Take the 2-minute tour ×
Stack Overflow is a question and answer site for professional and enthusiast programmers. It's 100% free, no registration required.

I have a regular expression:

(<select([^>]*>))(.*?)(</select\s*>)

Since it uses lazy repeat quantifier, for longer strings(having options more than 500) it backtracks for more than 100,000 times and fails. Please help me to find a better regular expression which doesn't use lazy repeat quantifier

share|improve this question
1  
You can use possesive quantifiers. You can provide sample long input which is making your regex execution slower. –  Shekhar Nov 2 '10 at 11:51
add comment

2 Answers

up vote 2 down vote accepted
<select[^>]*>[^<]*(?:<(?!/select>)[^<]*)*</select>

...or in human-readable form:

<select[^>]*>    # start tag
[^<]*            # anything except opening bracket
(?:              # if you find an open bracket
  <(?!/select>)  #   match it if it's not part of end tag
  [^<]*          #   consume any more non-brackets
)*               # repeat as needed
</select>        # end tag

This is an example of the "unrolled loop" technique Friedl develops in his book, Mastering Regular Expressions. I did a quick test in RegexBuddy using a pattern based on reluctant quantifiers:

(?s)<select[^>]*>.*?</select>

...and it took about 6,000 steps to find a match. The unrolled-loop pattern took only 500 steps. And when I removed the closing bracket from the end tag (</select), making a match impossible, it required only 800 steps to report failure.

If your regex flavor supports possessive quantifiers, go ahead and use them, too:

<select[^>]*+>[^<]*+(?:<(?!/select>)[^<]*+)*+</select>

It takes about the same number of steps to achieve a match, but it can use a lot less memory in the process. And if no match is possible, it fails even more quickly; in my tests it took about 500 steps, the same number it took to find a match.

share|improve this answer
add comment

Unfortunately this wont work, see the answer by Alan Moore for a correct example!

(<select([^>]*>))(.*+)(</select\s*>)

From the perl regexp manpage:

By default, when a quantified subpattern does not allow the rest of the overall pattern to match, Perl will backtrack. However, this behaviour is sometimes undesirable. Thus Perl provides the "possessive" quantifier form as well.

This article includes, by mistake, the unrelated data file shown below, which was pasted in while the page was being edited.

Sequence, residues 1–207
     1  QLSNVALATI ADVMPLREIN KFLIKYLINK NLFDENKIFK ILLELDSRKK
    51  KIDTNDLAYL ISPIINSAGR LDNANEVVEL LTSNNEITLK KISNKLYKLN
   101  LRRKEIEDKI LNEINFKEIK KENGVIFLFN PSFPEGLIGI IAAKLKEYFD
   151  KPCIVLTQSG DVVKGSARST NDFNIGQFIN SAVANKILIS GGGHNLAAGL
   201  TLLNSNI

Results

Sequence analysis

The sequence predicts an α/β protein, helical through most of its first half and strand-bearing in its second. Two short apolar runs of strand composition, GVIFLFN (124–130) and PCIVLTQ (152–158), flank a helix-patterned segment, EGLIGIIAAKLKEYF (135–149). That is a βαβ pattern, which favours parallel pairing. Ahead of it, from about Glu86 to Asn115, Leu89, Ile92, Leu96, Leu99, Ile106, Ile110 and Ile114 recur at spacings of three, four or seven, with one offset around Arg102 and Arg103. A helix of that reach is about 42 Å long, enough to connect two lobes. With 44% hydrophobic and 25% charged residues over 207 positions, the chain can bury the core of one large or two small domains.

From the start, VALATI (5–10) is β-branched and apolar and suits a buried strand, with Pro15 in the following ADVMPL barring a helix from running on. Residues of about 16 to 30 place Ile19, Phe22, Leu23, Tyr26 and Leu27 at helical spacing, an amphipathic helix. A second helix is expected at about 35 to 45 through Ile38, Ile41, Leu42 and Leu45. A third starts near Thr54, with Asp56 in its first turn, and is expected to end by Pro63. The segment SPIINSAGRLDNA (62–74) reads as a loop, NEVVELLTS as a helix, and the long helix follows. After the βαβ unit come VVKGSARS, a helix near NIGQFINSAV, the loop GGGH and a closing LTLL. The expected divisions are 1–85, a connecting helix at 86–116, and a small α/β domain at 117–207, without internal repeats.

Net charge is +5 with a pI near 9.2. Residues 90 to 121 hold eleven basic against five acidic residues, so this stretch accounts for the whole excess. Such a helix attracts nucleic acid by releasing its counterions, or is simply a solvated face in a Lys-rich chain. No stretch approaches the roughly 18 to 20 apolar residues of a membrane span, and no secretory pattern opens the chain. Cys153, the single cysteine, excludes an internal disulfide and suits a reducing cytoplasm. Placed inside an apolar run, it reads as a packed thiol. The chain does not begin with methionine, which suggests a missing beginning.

*+     Match 0 or more times and give nothing back
       ++     Match 1 or more times and give nothing back
       ?+     Match 0 or 1 time and give nothing back
       {n}+   Match exactly n times and give nothing back (redundant)
       {n,}+  Match at least n times and give nothing back
       {n,m}+ Match at least n but not more than m times and give nothing back

For instance,

      'aaaa' =~ /a++a/

will never match, as the "a++" will gobble up all the "a"'s in the string and won't leave any for the remaining part of the pattern. This feature can be extremely useful to give perl hints about where it shouldn't backtrack. For instance, the typical "match a double-quoted string" problem can be most efficiently performed when written as:

      /"(?:[^"\\]++|\\.)*+"/
share|improve this answer
1  
Possessive quantifiers are a godsend, but they have to be used with much greater care than the other kinds. Simply replacing the ? with +, as you did, will almost never work. Assuming the match is being done in dot-matches-all mode, the (.*+) in your regex will simply consume the entire rest of the input and not give anything back. –  Alan Moore Nov 2 '10 at 15:19
    
Not sure if this is such a good idea - he probably was using the lazy quantifier for a reason, namely to avoid matching over several <select> tags at once. –  Tim Pietzcker Nov 2 '10 at 15:20
    
@Alan: correct I edited the answer to state this –  Peer Stritzinger Nov 2 '10 at 15:56
    
Possessive quantifier will fail in this case.(.*+) will match the complete string and it will always fail –  Shashwat Nov 2 '10 at 16:58
add comment

Your Answer

 
discard

By posting your answer, you agree to the privacy policy and terms of service.

Not the answer you're looking for? Browse other questions tagged or ask your own question.